Supporting people in hospitals across South Australia through vital health and medical research and improved patient care.
Meet our passionate and dedicated team.
Meet our Board and Governance team.
THRF adopts extremely high transparency standards when reporting our financials.
Supports research into the detection, management and treatment of breast cancer.
Funds vital medical research into the detection and treatment of prostate cancer, as well as preventing the metastatic spread of the disease.
We are passionate and determined to improve heart health and beat heart disease through advances in knowledge and research.
Our aim is to reduce and ultimately eliminate the high incidence of chronic kidney disease and diabetes in Australia and around the world.
Supports health and wellbeing research for veterans, emergency service personnel and their families.
Driving collaboration, innovation and research to develop best-practice arts, design and health programs.
Do you want to join our team? Check out current career opportunities here.
View some of the commonly asked questions about our organisation.
We are so grateful to those who donate their time and skills to support life-changing medical research. Find out more…
Get in touch with us here.
For 53-year old Peter, health issues began from an early stage in life, but he has not let that define him. He first began developing signs of Type 1 Diabetes in Year 5 at primary school and because of a lack of research and awareness at the time, he remained undiagnosed until he was 15 years old. Today, a positive Peter is hitting the burn-out track, determined to raise money to help other people like him. Read his story…
“I was coming home with the shakes and the doctor back in those days wasn’t sure what it was because it was unheard of. He thought I was over exerting myself so he told me to stop being so active,” Peter said.
Interestingly, it was an accident in his third year of high school that led to doctors discovering Peter had Type 1 Diabetes. Peter stepped on a loin chop bone, and it went straight through his foot.
“I got rushed to hospital where they thought I was allergic to morphine so they flew me to the Royal Adelaide Hospital (RAH) where I was in a coma for two days. They thought I wasn’t going to make it,” he said.
“The flying doctor squad actually picked up on it on the way to the RAH and I was diagnosed and became insulin dependent when I was just 15 years old.”
At the age of 34, Peter unfortunately needed amputations which began with his toes and then his right leg in 1999. His left leg was eventually amputated in 2010 and Peter now has two prosthetic legs.
“My kidney failure happened after my second leg amputation in 2010. I was on lots of intravenous antibiotics for six weeks at a time to help save my leg and I then went to my doctor and raised concern that my kidney was shutting down,” Peter said.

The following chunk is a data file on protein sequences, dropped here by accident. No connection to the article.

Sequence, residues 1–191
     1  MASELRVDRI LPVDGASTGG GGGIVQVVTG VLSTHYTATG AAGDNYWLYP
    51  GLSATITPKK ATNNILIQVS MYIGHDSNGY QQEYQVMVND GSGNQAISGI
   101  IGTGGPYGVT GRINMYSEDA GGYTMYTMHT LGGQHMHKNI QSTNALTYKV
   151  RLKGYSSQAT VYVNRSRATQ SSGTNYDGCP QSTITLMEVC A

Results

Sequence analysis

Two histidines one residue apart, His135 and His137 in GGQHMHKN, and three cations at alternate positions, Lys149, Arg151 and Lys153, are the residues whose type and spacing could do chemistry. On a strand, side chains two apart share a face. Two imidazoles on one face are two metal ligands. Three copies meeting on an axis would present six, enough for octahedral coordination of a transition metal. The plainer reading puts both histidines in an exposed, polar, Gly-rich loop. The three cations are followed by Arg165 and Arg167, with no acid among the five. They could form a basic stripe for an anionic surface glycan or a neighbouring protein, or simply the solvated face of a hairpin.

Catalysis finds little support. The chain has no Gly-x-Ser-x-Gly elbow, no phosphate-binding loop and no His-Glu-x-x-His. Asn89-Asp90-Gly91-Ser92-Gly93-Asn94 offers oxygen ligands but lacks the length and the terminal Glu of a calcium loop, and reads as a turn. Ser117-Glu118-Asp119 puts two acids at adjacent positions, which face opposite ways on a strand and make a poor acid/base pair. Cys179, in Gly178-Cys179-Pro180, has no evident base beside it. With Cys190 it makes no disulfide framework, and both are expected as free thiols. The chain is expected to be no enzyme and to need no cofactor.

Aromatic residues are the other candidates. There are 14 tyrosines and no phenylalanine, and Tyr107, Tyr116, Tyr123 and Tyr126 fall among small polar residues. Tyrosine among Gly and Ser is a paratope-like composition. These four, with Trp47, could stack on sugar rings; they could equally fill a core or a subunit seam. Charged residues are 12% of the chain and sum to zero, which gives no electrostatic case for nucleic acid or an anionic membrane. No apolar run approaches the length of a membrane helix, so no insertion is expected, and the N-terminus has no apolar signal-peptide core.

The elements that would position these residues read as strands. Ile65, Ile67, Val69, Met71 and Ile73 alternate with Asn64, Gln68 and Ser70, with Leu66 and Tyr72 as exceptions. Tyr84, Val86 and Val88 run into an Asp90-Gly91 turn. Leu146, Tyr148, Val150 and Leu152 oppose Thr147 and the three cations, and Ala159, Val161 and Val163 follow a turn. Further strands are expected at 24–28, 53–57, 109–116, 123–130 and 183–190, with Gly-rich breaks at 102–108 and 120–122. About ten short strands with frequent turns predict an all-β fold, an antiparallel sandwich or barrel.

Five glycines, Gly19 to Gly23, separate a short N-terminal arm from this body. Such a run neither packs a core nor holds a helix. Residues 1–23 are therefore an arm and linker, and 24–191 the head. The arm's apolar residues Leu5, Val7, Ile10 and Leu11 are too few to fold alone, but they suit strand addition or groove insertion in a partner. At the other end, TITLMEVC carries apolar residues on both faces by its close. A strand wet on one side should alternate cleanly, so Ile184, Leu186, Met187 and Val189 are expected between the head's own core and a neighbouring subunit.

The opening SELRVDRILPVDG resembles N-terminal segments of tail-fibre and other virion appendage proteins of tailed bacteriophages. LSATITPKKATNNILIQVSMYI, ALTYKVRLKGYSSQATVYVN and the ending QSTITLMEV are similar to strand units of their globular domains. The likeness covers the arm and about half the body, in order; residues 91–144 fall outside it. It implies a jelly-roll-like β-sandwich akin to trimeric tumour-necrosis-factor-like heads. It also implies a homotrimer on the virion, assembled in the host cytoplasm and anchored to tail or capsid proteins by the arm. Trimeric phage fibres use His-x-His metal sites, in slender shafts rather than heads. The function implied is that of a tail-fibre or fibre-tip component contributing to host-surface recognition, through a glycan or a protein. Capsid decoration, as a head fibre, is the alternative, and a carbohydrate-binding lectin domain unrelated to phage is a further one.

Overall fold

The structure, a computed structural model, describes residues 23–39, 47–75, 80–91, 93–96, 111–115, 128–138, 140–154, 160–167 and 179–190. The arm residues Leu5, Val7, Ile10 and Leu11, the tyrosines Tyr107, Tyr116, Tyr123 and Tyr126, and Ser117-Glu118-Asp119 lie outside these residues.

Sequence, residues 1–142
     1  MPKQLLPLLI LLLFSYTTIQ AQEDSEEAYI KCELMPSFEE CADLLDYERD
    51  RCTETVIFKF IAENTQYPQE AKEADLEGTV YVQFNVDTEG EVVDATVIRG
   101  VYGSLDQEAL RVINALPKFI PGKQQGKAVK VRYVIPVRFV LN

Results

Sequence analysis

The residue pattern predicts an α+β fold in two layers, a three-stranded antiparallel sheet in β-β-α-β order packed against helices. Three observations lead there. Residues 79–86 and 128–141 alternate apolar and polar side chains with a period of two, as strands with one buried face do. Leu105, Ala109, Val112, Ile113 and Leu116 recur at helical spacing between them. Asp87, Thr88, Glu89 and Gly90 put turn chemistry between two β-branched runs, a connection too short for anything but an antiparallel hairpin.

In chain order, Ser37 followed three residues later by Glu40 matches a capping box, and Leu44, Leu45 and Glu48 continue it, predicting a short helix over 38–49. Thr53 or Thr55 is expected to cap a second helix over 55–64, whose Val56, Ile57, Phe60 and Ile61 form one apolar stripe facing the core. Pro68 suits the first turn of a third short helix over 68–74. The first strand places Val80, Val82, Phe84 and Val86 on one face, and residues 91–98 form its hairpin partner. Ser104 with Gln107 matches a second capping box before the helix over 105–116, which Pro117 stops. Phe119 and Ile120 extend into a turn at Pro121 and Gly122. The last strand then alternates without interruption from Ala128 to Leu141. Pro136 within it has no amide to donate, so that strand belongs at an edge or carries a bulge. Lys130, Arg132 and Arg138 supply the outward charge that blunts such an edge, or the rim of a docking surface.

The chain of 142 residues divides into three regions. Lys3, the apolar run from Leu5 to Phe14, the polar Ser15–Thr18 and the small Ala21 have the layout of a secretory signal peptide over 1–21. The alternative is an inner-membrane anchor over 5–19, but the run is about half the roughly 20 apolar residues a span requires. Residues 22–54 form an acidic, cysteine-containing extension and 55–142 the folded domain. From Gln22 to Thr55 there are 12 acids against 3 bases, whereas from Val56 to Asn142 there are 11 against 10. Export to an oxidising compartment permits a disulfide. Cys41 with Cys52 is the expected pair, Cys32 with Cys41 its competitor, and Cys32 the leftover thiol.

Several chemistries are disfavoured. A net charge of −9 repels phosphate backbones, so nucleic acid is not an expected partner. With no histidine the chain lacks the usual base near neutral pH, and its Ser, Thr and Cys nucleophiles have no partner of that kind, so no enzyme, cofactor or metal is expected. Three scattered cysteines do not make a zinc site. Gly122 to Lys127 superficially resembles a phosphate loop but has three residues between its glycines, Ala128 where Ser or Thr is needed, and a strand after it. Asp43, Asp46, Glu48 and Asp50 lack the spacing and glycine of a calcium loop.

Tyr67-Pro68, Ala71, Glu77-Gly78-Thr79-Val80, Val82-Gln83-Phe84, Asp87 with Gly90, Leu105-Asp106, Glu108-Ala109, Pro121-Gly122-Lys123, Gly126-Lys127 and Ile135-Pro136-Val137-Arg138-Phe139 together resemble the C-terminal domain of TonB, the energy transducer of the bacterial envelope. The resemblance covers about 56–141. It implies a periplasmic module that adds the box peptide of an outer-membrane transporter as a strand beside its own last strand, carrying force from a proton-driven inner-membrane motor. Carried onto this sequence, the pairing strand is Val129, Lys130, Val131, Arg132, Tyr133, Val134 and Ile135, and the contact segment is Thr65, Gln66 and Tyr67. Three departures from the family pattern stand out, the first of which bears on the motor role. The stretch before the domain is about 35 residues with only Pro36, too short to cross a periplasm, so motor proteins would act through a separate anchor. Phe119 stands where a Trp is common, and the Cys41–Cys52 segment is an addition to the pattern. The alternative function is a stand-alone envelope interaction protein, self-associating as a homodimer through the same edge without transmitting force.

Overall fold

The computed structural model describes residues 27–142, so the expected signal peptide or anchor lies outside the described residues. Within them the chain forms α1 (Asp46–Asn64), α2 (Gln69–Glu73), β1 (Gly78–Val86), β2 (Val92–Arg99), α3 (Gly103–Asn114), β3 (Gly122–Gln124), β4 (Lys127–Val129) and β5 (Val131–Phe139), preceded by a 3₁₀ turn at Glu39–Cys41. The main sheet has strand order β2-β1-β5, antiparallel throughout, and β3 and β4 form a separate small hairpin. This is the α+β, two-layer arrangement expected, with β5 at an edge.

“I was put on dialysis for six months which wasn’t working and I was coming home with chronic headaches. It was a really bad point in my life.”
Peter underwent a kidney transplant at the RAH, performed by Professor Toby Coates, whom Peter had been seeing for a few years prior.
“Luckily I’m a rare blood type and I had a very successful kidney transplant. Prof Coates said it was one of the best kidneys he had seen for a while,” Peter said.
“Prof Coates was extremely happy with my progress and results from my kidney transplant and he was then willing to do a pancreas transplant, much to my diabetic doctor’s reluctance.
“We got in touch with Monash Hospital in Melbourne and they agreed to do the procedure as it cannot be done here in Adelaide.”
One early Sunday morning, Peter and his wife got a call and after a red eye flight, they were in Melbourne where he underwent his transplant.
“I am no longer a diabetic, I have the freedom from not having to take insulin each and every day. I have been diabetes free for about eight months now,” Peter explained.
“I am on anti-rejection drugs from the pancreas transplant and so far I have no side effects. I am on the lowest dosage, which can give me an extra 20-30 years more to live. That’s pretty amazing.”
For Peter, the main thing he says he doesn’t miss at all is “the hypos”, a term for hypoglycaemia, which is a condition that occurs when a person’s blood glucose level has dropped too low.
“Having a hypo can be compared to running a marathon. It absolutely exhausts you and I’m so glad I don’t have to go through that anymore.”
Thanks to your continuous support and donations, research has been able to allow people like Peter to have a second chance at a healthy life.
“I’ve been cured but not everyone can do this. I hope somewhere along the way researchers will be able to prevent diabetes and kidney disease. Transplantation research is such an achievement and I would love if more people could be lucky enough like me,” Peter said.
Diabetes in children is an area Peter is very passionate about and really wants to support. With your help, we can continue to fund research in this area.
“It was hard taking insulin when I was 15 years old, as a kid you just want to feel normal and live a normal life. Life is hard and there is a lot of pressure for kids,” Peter said.
This year, on December 17, Peter will be raising money with a team at the Adelaide Motor Sport Park. Donations will be taken at the door and go towards research supported by THRF’s disease specific affiliate Kidney Transplant and Diabetes Research Australia. Mark the date in your diary and stay tuned for details on how you can get behind this exciting cause!
Thank you for your continuous support and donations, without you this would not be possible!